Exmouth - Western Australia

The tropics are great: warm to hot weather, clear water, a huge variety of fish species, and with challenging fishing in a variety of conditions. It’s usually windy at least half the time, creating some interesting scenarios.

 

Probably the most challenging fish I’ve caught on fly would be a West Australian permit (snub-nosed dart) I landed at Ningaloo Reef, just west of Nor’west Cape.

At the time, I was fishing with top guide Jono Shales on his purpose-built saltwater-fly boat just a few kilometres from the boat ramp. Here, the lagoon is encircled by a high coral reef, with the waves crashing to whitewater before surging into the lagoon itself. The water was a clear, azure blue.

We scared several fish in the shallows as Jono ran the boat at speed down the lagoon to his selected area for the day. Once there we slowed and looked for signs of life.

The chosen spot held several stingrays and, just like New Zealand kingfish, the area’s top predators had hooked up with them. Sometimes two or three fish were with each ray, but more often just one.

Our problem was to get the boat into a position where I could accurately present a large prawn imitation tied with a bit of weight to the fish beside the rays. That added weight, combined with my fast-sink-tip fly-line, was just enough to penetrate through two metres of water so the fly reached the fish on the bottom.

We had a big current running and a wind that scooted us along like a sailboat at times, making fishing a challenge. I persisted, but a messed-up or inaccurate cast would see us sailing past the target. Getting back into position often took another ten minutes.

Eventually I got it right and set the hook into a hard-fighting spangled emperor. This was a new species for me and an unlikely looking fighter, but fight it sure did; I was thrilled when Jono finally lifted him out for a photo.

Half an hour later I got my ducks in a row again, the line pulling tight on another solid fish. It stayed deep and circled the boat for ten minutes before I could get it up and see what I had: another new species on fly for me – a gold-spot trevally. After taking some pics, it too was released.

The wind increased further, making the water choppy and the fishing extremely difficult. Every time we approached fish we were blown away, with more valuable time lost getting back in position. I also stuck a fly in my back while casting across the wind, and tangled the line around my feet a hundred times. However, I knew I just needed to relax, maintain the best-possible line management in the circumstances, and wait for my chances.

We found a new ray and drifted in from behind. The ray and the fish I could see accompanying it were facing away from us. This was a good chance. I made my cast from 20 metres out, and while stripping in line, barely keeping in touch as we drifted up along it, I felt the line tighten – a fish had it. Stripping hard with my left hand in response, once, twice, three, four times, it felt like I’d caught the coral. But hadn’t. Instead, I’d pulled the fly into the mouth of the fish of my dreams.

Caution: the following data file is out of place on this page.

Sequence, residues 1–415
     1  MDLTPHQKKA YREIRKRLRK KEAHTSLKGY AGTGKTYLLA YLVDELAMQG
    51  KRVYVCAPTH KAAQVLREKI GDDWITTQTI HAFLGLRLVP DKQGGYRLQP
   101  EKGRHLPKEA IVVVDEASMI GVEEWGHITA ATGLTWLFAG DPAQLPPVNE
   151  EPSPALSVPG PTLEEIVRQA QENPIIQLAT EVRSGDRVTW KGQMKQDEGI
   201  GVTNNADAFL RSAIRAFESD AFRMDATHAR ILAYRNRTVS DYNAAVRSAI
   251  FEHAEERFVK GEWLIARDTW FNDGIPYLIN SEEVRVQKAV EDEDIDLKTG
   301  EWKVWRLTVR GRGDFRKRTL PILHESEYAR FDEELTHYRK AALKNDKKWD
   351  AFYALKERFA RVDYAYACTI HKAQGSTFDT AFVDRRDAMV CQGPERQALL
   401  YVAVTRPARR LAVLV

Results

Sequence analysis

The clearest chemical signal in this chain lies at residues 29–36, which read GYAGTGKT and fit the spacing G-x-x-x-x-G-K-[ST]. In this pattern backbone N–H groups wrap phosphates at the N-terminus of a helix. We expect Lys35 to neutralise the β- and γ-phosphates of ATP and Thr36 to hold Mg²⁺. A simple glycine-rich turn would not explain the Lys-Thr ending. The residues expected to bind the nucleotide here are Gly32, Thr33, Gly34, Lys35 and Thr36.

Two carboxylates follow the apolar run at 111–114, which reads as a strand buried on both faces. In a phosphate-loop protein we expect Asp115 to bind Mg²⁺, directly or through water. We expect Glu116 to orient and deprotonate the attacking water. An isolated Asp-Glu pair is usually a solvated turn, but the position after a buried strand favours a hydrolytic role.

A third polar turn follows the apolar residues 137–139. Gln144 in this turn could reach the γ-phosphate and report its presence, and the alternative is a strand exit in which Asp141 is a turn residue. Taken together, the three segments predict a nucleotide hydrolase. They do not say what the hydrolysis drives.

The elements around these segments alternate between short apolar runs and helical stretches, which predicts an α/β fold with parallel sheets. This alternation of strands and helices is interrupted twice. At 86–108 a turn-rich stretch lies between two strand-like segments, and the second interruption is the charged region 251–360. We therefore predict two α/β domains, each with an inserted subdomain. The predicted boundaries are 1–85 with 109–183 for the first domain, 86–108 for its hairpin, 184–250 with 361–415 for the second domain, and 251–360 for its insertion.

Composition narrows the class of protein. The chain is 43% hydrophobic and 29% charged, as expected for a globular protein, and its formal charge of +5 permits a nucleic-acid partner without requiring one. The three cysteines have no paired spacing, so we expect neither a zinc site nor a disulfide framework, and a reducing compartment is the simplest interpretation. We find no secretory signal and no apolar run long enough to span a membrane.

I didn’t know what I’d hooked for half an hour, with the fish running well out and staying deep. Initially we followed it, then drifted as I worked on retrieving the line. It was an epic struggle that took time and distance. The fish must have circled the boat 30 times before it lay over and gave up. I nearly fell overboard when Jono lifted it out – a permit, and a bloody beauty!

Jono was excited, too. This was the first permit from Ningaloo for his boat. Even so, a quick photo or two and back it went.

The next day we struggled to catch any fish off the rays; they just weren’t there. And when at last we found a couple, they proved hard to approach, this time because it was quite calm.

A couple of hours in, I was on the casting platform when a ray approached with two big fish alongside. I was able to make a good presentation to the ray, and one of its escorts peeled off to inhale the fly. Two solid left-hand strips saw us off down the lagoon chasing another powerful fish. Jono suspected it was a big golden trevally; I was thrilled whatever species it was.

Again, the fish stayed well out and deep at first, then slowly came in, circling the boat for half an hour. At this point I suspected I knew its identity, but even so, when Jono lifted out another permit, bigger than the first, I could hardly believe it.

While these captures may seem easy in the retelling, they were actually very technical captures. Boat drift, wind effect, sun angle, current, distance and depth, made these two captures really special for me. There was no, “There’s one, cast now!” Rather, a whole series of events and circumstances had to come together so my fly ended up in front of these fish.

I loved it: the 60 casts between bites, the tangled lines in the wind, standing on my line when making the final presentation, the hook in my back – it was all part of the experience. For the first one, I was on my knees just to stay in the rocking boat, but I can still feel the line tightening as I set the hook.

   This article is reproduced with permission of   
New Zealand Fishing News

June 2017 - Gary Kemsley
Re-publishing elsewhere is prohibited

Rate this

Fishing bite times

Major Bites

Minor Bites

Major Bites

Minor Bites

  • Fishing Reports, News & Specials